If you own your home and have a mortgage, then your lender will usually insist you have buildings insurance in place for the length of your mortgage. And although there’s no legal requirement to have buildings insurance if you don’t have a mortgage, consider the amount you might need to pay out to repair your home if you don’t have cover in place. If you’re renting, then buildings insurance is usually the responsibility of your landlord.
You’re not legally obliged to have contents insurance, but if you own or rent your home it’s a good idea in case something unexpected happens – for example, you have a fire or your home is burgled.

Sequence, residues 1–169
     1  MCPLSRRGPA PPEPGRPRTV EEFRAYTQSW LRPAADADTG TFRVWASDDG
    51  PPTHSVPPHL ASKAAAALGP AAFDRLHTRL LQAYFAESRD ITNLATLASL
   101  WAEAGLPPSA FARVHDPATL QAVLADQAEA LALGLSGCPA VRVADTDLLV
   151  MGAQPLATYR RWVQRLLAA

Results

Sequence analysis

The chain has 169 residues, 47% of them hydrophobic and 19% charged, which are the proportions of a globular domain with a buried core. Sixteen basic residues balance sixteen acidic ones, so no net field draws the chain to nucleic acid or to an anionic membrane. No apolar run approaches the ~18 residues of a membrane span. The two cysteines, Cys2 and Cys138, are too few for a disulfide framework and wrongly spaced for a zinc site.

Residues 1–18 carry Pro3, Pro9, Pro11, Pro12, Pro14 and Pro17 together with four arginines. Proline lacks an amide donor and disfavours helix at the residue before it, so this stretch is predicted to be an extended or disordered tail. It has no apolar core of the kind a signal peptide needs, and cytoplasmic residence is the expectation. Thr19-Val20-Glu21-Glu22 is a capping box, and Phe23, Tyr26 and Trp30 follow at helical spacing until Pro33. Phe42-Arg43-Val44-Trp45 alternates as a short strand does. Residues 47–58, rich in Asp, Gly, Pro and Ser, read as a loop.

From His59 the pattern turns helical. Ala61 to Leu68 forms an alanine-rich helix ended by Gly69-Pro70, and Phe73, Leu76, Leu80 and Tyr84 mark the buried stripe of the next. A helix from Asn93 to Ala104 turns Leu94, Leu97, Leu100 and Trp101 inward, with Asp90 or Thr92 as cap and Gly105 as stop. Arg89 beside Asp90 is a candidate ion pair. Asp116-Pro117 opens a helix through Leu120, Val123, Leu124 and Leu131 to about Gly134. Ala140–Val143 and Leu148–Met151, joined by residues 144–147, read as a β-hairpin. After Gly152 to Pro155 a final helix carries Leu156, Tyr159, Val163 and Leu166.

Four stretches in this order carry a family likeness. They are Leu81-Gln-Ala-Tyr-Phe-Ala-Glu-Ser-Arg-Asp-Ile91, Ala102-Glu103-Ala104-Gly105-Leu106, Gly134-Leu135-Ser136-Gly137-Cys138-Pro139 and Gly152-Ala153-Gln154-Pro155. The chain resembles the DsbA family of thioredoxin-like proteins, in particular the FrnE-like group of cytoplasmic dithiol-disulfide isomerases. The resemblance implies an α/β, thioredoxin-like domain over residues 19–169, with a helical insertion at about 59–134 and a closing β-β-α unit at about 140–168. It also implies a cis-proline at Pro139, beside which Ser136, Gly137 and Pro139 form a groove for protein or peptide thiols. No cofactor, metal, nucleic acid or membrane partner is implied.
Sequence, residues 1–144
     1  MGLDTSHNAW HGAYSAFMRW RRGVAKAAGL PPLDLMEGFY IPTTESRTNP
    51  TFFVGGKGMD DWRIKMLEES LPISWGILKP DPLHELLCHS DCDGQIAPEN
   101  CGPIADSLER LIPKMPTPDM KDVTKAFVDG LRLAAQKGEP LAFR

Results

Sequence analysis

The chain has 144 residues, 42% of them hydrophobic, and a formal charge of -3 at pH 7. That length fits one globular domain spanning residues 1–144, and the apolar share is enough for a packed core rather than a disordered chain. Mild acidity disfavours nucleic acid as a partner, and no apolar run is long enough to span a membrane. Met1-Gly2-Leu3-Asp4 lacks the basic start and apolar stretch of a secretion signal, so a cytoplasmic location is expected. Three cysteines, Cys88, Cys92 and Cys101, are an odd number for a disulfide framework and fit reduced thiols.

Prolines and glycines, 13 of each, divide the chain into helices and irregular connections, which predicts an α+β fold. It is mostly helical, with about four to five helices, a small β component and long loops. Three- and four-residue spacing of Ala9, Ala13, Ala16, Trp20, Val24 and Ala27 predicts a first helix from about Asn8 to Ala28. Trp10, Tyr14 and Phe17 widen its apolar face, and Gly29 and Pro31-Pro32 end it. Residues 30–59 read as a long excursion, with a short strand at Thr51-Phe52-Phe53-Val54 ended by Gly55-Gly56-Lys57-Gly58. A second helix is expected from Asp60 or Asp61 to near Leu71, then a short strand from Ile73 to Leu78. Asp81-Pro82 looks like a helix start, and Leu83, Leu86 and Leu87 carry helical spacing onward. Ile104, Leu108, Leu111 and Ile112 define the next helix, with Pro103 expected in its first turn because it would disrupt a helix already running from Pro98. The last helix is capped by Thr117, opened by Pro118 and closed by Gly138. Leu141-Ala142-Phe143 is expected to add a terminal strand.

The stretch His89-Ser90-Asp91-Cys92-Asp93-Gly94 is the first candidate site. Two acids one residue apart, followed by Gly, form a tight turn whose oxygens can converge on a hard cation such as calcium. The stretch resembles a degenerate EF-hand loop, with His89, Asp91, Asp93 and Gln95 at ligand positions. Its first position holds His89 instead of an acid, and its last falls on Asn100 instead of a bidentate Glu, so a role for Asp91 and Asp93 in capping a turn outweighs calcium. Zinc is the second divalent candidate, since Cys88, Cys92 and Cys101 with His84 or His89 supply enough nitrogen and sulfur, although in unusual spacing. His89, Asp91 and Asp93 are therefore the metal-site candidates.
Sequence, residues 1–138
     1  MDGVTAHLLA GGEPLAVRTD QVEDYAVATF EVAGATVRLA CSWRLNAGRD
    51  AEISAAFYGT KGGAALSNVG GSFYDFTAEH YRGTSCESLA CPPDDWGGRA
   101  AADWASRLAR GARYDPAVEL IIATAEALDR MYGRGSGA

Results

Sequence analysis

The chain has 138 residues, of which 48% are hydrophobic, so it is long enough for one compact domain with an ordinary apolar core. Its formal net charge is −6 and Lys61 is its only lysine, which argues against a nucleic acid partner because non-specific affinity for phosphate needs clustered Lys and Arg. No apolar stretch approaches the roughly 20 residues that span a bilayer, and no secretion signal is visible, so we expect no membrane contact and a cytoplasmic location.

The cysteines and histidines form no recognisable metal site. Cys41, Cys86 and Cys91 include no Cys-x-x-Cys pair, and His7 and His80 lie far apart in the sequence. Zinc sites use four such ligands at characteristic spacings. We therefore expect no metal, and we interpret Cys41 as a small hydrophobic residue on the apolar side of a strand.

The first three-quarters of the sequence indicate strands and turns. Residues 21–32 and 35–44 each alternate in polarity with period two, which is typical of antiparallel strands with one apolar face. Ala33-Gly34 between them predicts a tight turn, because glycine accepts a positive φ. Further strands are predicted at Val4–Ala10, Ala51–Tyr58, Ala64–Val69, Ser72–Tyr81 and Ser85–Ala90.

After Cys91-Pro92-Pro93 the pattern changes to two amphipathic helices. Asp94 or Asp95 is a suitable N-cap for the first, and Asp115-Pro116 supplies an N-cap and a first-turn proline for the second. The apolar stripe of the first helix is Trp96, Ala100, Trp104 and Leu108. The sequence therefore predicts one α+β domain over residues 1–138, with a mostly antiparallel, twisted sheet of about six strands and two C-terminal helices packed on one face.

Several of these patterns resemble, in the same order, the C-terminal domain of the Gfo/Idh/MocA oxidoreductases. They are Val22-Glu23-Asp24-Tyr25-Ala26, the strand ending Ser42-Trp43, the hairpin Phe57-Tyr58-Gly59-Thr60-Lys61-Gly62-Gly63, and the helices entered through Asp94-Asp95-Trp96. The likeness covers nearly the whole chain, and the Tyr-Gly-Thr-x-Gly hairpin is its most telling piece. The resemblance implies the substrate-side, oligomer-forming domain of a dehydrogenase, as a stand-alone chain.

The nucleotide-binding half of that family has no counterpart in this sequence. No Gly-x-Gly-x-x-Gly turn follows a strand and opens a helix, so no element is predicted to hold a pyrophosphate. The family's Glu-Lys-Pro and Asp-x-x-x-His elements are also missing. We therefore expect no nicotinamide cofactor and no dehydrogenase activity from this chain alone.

Landlord insurance can include buildings insurance to cover a property that you own and rent out. You can also take out contents insurance to cover your belongings if you rent out a furnished property.
Holiday home insurance
Just like home insurance for a regular home, holiday home insurance is split into buildings and contents insurance. However, it could be more expensive as insurance providers often consider holiday homes to be a greater risk to insure as they’re often left unoccupied for long periods, and problems, such as a burst pipe, might go undetected, leading to considerable damage.